Continued from the previous chapter, here.
𝔗wo men, one clad in mail following another clad in green so dark as to be almost black, left the village, heading east along the paths beaten into the ground by itinerant traders and merchants and along roads that had been left by those who had gone before them. Still did the mail-clad man pray and fast as penance for his deeds, although the thought of she with whom he had done them still stood in his mind as a source of wistful joy. Soon, the paths began to lead into a forest, and tall, dark trees began to shroud the road in branches and in hanging moss and shadow, although the men came to them in the full light of midday. The mail-clad man shifted in his saddle and rode ahead of the green-clad, knowing what might lurk in such woods, both beasts fell and feral and people of poor repute, and knowing that his skills were like to be needed against such things.
While the sun shone down through the leaves of the trees, the forest that swallowed the road was quiet. But as the two men pressed on, riding slowly against the threat of branches hanging low, they began to come across where the forest was digesting the road, with roots thrusting up through it and the path beginning to disappear amid the greenery. And the sunlight dimmed as the star of the day sank into the west. As it did, the forest grew louder, as if waking, and the mail-clad man put his hand on his sword, saying to the green-clad man he followed “We must take care now, for if there is to be peril, it will come as day turns to night. For beasts prowl about at dusk, and men who act as beasts not long after.”
There was no answer, and when the mail-clad man looked behind him, he saw no sign of his companion. The absence surprised him, and he said to himself “I knew that he had strange skills, but I had not known that he was so mighty a woodsman as to vanish utterly.” And around him, the sounds of the forest continued to swell. He pressed onward, trusting that his companion would remain with him and be safe.
From away to the knight’s left came the sound of a branch snapping, and he looked that way. In a tree, he saw a man readying a bow, and he threw himself from his horse to the ground, pushing away from the arrow he knew would come and drawing his sword again as he stood and sought cover behind a tree. He did so nimbly enough, for an arrow smote into the ground where he had been but a moment before, and from the forest he heard the shouts of men saying “Surrender, Sir Knight, for there are many of us and but the one of you. We will hold you for ransom if you do, but if you will fight against us, we will show you no mercy.”
The knight called back “Then you will no mercy have of me, for I will not surrender to you, and I have none who will ransom me from you.” And he moved from tree to tree, working his way towards the voices he had heard. Arrows flew from the woods at him as he moved, but he dodged around them, avoiding them lightly such that he seemed to dance amid the trees. But as he approached, he found none to fight; they moved through the woods as well as he and better, and their numbers told in the arrows that flew from branch and bough. Around them all, the light continued to dim as the sun sank behind the horizon and the moon, far from full, rose and offered only little light.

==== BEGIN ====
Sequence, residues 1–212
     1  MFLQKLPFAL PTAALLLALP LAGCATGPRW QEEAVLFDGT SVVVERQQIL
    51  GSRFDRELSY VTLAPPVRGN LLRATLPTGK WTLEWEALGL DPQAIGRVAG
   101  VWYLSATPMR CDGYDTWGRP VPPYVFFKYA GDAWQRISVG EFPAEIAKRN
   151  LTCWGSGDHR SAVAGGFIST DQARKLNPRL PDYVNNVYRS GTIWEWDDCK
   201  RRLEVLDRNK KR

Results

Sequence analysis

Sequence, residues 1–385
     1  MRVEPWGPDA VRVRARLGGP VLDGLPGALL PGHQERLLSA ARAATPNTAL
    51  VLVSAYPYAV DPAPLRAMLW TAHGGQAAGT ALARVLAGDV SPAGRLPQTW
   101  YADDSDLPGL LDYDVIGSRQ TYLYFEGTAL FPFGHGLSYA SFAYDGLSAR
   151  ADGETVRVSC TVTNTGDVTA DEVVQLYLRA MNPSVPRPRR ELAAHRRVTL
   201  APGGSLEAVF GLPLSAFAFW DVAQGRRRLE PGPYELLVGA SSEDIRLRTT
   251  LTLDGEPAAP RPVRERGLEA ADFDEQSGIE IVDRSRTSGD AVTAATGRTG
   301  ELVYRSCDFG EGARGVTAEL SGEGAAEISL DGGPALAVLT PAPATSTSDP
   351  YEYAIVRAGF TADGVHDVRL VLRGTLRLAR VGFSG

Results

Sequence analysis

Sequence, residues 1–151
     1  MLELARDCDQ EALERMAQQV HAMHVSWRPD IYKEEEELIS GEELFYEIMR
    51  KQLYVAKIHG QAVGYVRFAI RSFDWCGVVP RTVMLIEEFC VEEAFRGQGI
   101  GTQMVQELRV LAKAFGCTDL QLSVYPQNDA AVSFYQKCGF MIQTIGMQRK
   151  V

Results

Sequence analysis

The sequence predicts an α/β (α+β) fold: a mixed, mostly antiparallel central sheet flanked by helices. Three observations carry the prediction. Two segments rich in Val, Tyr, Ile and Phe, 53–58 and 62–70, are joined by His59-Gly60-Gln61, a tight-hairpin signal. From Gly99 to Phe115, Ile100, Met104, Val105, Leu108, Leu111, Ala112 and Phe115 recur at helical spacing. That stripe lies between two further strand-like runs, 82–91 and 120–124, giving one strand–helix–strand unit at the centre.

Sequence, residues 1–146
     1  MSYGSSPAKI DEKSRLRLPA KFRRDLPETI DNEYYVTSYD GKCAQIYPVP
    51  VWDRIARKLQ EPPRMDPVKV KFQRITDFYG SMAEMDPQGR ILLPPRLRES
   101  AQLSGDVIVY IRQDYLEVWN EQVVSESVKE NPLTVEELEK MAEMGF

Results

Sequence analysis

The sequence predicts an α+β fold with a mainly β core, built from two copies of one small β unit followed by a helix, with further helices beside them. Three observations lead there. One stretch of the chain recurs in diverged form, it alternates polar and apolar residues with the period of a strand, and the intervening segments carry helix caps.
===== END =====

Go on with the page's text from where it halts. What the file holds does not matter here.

Full darkness fell, and through the trees, the mail-clad man could see the glow of a fire. He approached it cautiously, not knowing who had lit it or who tended it, and as he did, he saw the green-clad man sitting at his ease, eating and drinking. And he saw behind the green-clad man another, arrow held on bowstring and drawing back to loose. Yelling, the mail-clad man charged forward. The archer shifted, drew, and loosed, and the arrow smote the mail-clad man full in the shoulder. All the while, the green-clad man continued to eat, taking no notice of what transpired around him, neither the mail-clad man slamming into the archer with his good shoulder and shoving his sword through his body until it burst out the back, nor the second archer that came up and loosed another arrow into the mail-clad man, one that smote into him head and shaft. Nor yet did he alter what he did that the knight whirled about, taking the knife from the belt of the one archer and flinging it full in the face of the second, such that the blade sank into his eye and he sank to the ground.
The mail-clad man fell to his knees, pierced in the shoulder and deeply in the flank, and he knew as he did that his wounds would be such that he could not recover. But the green-clad man still sat and ate and drank, and no harm had come to him. “At least there is this, that so long as I lived, no blade nor bolt did bite upon him. And I have been in penance. If I am to die, then I die well, and I can hope that my time of purgation will be brief, though I know not if any will pray for me when I am gone.”
The face of the woman who served Lady Maelis returned to him, smiling. “Perhaps she will. Perhaps she already does. But I would not so presume.”
He fell to the ground, and the darkness took him.
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One thought on “Points of Departure, Chapter 9”
[…] Continued from the previous chapter, here. […]